Kiri is a digital journalist for bayofplentytimes.co.nz.

Woman caught driving with knees while on phone

STAYING FOCUSSED: Head of Western Bay of Plenty road policing Senior Sergeant Ian Campion warns that distracted drivers are dangerous drivers.PHOTO/FILE
STAYING FOCUSSED: Head of Western Bay of Plenty road policing Senior Sergeant Ian Campion warns that distracted drivers are dangerous drivers.PHOTO/FILE

A woman driving a car while on her cellphone, combing her hair and steering the wheel with her knees is one of more than 20 people fined on one of the Western Bay of Plenty's worst blackspots.

Police held an operation targeting distracted drivers on State Highway 2 at Bethlehem yesterday morning.

I think people have become so attached to mobile devices, taking one from them is a bit like cutting the umbilical cord.
Senior Sergeant Ian Campion

Head of Western Bay of Plenty road policing Senior Sergeant Ian Campion said the team issued 23 tickets, eight for not wearing a seat belt and 15 for driving while distracted.

"This includes a woman steering with her knees while she used the cellphone and combed her hair," Mr Campion said.

Police targeted distractions such as people on the cellphones, eating their breakfast, fixing their hair, putting on make-up, even "reading the newspaper or other such things", he said.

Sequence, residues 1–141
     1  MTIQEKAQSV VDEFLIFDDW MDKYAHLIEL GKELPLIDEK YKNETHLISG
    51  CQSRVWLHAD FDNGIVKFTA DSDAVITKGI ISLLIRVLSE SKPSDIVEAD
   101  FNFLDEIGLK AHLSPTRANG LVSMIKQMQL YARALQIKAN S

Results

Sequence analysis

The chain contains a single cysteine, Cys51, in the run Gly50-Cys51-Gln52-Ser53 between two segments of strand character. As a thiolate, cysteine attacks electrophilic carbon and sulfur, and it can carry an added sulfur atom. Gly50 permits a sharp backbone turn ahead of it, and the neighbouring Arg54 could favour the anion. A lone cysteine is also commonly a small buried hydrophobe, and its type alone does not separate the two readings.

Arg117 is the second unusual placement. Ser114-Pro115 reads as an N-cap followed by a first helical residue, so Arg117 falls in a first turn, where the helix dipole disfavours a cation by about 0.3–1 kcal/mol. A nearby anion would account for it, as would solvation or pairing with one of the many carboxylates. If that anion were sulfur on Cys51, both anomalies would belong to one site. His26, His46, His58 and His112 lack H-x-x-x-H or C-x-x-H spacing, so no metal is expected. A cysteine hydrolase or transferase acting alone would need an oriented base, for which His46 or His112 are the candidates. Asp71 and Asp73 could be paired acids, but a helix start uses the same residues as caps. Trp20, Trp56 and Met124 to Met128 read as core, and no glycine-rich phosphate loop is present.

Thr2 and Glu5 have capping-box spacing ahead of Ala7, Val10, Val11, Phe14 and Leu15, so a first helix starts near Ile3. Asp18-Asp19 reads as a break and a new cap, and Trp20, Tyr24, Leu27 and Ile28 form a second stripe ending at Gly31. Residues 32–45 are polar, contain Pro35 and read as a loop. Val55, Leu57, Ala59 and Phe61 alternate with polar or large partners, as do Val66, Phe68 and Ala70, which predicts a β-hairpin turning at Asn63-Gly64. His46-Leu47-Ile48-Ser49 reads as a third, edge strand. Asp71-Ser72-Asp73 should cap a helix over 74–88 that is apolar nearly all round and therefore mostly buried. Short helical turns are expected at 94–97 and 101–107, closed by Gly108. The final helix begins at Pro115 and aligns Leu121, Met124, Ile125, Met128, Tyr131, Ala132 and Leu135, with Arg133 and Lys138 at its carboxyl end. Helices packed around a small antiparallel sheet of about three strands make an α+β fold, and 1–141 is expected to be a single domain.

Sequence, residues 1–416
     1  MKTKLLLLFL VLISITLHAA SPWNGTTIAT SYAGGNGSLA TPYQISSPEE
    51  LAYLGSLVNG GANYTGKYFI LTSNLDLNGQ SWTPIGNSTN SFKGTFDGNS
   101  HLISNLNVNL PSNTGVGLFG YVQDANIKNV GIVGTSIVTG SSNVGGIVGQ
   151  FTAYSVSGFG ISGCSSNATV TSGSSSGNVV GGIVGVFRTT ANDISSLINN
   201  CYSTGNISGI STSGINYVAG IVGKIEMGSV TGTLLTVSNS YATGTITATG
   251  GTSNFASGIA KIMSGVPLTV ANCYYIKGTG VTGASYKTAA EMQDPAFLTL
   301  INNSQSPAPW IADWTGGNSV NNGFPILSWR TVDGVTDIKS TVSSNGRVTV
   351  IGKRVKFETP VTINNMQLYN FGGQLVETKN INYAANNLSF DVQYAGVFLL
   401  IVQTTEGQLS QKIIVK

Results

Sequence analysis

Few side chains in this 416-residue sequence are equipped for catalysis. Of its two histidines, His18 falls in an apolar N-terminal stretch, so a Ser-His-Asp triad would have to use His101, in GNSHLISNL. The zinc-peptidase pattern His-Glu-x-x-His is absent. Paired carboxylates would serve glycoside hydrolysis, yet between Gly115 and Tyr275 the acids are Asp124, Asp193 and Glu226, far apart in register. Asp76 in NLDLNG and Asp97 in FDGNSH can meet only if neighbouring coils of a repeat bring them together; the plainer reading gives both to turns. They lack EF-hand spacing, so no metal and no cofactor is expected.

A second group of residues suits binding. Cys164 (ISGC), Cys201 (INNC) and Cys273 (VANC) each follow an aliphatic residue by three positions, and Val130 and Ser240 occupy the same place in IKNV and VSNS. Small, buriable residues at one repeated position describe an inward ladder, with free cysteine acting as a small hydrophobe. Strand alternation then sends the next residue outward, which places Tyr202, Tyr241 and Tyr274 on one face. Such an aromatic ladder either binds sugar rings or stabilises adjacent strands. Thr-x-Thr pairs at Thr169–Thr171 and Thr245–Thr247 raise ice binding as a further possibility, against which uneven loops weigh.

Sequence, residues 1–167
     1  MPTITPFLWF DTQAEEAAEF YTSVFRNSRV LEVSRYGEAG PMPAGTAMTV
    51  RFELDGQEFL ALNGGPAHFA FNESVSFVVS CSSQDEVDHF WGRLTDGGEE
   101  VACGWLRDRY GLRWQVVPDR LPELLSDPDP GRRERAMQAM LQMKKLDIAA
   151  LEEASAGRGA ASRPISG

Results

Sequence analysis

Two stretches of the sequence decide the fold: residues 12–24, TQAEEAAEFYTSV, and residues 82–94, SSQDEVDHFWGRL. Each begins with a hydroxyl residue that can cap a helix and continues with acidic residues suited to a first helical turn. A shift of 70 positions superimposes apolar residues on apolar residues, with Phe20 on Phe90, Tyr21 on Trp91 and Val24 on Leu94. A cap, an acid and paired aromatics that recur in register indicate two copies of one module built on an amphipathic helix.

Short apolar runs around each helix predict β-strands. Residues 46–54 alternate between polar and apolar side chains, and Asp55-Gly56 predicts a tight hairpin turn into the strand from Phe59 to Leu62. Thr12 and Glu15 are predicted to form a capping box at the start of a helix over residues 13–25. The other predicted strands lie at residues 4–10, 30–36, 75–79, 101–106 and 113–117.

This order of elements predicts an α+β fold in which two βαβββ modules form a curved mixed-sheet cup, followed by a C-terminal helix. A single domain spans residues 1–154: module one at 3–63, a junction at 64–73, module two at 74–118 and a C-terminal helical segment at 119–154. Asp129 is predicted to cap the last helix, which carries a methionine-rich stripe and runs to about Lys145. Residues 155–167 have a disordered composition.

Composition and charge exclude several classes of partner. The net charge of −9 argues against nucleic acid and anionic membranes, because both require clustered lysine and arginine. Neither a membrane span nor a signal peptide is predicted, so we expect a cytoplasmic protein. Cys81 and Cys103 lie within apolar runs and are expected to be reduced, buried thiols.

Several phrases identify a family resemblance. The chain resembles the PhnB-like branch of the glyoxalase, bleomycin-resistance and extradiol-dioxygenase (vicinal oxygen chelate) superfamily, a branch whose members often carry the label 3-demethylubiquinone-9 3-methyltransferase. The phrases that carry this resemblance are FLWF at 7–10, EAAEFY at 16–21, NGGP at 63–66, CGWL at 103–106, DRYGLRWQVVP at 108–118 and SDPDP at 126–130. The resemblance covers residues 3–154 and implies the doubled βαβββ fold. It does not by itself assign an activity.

Mr Campion said the woman did not offer an excuse but denied being on her cellphone.

He said the operation was held in an effort to make the stretch of highway safer.

Last year alone, at least eight people were killed in crashes on SH2 between Omokoroa and Bethlehem.

 Traffic heading towards Bethlehem from Tauranga. Photo/file
Traffic heading towards Bethlehem from Tauranga. Photo/file

"The reasons we target these behaviours is that they are the primary causes of fatal crashes between Bethlehem and Athenree over the past two years," Mr Campion said.

Mr Campion said people appeared to struggle to leave their mobile phones alone while driving.

"I think people have become so attached to mobile devices, taking one from them is a bit like cutting the umbilical cord. To be perfectly honest, they are just a tool. If people continue to use them, then they are contributing to the number of crashes on our roads," he said.

"Is a phone call that important that you would put your life in danger, the lives of your passengers? There would be very few people that woudn't be able to answer that with a 'no'."

Mr Campion said aside from driver distraction, sun strike was a significant factor on SH2 yesterday.

"A number of people were stopping in the middle of the road because they couldn't see where they were going. It's that time of year where then sun is in a lower arc. People do need to take extra care."

The penalty for driving while using a cellphone, without hands-free, is a $80 fine and 20 demerit points.

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